Having said that, Adobe does great when it comes to the print layout market, InDesign CS5 is amazing! Oh and Photoshop, is A+ too, although Pixelmator comes very close.
  • Reply 85 of 171
    Adobe's future doesn't look bright...

    Perhaps John (Warnock) and Chuck (Geschke) should come back in charge...
  • Reply 86 of 171
    Quote:
    Originally Posted by jragosta View Post


    My CPU usages goes from 10-15% using a non-Flash site to 120% using a Flash site.



    Sad to say, AI's site is one of the worst offenders, in this regard.
  • Reply 87 of 171
    Actually I do get 10 hours of video on my iPad. I luckily avoided the Iceland volcano and had a vacation in Scotland. Thanks to the iPad the flight both ways was much easier thanks to its superb battery life.
  • Reply 88 of 171
    ronboronbo Posts: 669member
    Quote:
    Originally Posted by SoundCity View Post


    Oh these two guys, what are they like? It's like the aftermath of a bad relationship where they both tell there sides of there story, and neither will ever corroborate to the truth of the matter.



    I do however agree on Steve on this one, in regards to poor flash performance, anecdotal or otherwise, even with latest 10.1 release its still poorly optimized (though a little better).



    On the other hand I can understand a lot of adobe's arguments about cross-porting code, I guess it does make it easier for moving platforms. But at the end of the day how much do Apple Dev kits cost these days? $99? Dirt cheap if you ask me.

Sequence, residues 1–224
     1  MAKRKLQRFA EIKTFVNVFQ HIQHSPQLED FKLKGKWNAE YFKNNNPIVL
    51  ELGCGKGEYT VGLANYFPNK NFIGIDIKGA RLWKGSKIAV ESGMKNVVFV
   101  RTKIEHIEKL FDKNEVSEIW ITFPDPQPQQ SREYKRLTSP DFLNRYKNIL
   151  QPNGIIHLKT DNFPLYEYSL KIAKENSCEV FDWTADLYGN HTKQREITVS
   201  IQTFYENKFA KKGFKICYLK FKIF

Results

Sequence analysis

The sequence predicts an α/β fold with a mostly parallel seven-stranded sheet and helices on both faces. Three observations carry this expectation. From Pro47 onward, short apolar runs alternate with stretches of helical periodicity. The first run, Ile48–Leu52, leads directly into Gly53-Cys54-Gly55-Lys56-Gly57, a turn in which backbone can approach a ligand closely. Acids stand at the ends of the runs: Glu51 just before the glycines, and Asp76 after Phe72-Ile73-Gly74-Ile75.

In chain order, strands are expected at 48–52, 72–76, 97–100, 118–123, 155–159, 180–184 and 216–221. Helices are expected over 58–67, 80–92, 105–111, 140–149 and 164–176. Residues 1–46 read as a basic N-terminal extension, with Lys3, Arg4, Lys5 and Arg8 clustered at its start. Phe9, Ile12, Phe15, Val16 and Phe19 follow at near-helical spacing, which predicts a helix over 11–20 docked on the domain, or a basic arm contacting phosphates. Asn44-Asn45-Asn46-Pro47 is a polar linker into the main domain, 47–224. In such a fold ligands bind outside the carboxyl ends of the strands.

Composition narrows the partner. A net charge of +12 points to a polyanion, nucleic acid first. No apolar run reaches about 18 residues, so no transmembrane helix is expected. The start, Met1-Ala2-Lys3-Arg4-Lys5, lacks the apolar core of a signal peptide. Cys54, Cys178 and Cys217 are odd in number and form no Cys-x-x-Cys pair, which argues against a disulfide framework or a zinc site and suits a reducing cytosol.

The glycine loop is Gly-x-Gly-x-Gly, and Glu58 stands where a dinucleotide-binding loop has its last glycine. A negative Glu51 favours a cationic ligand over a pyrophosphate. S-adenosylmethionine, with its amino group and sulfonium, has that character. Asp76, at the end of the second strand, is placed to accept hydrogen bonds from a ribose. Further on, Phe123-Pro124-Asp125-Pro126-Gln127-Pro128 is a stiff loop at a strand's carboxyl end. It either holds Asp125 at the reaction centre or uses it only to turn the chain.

And when your treating mac users as second class citizens with said ported code thats fairly shoddy, why should Steve be servile to Adobes strategy.



    At the end of the day, this whole pulava could be solved by somebody pulling there head out of the sand and making some cracking html5 development software, you could still have your web authoring Monopoly cake and eat it Adobe if you act now!



    Either way its gonna be an interesting few months...



    (My 3rd ever comment dont bite! eeek!)



    I agree and you make a nice point about dev kits. How much does it cost to get Adobe's Flash authoring system? Apple's dev kit is free if you just want the dev kit. It's $99 to hook into the App Store ecosystem.



    And Adobe really has used their tremendous market clout to screw Apple in the past. Their delays in porting were major reasons for people to delay moving over to OS X, and then to intel. Why is Apple supposed to ignore or forget, just because Adobe does?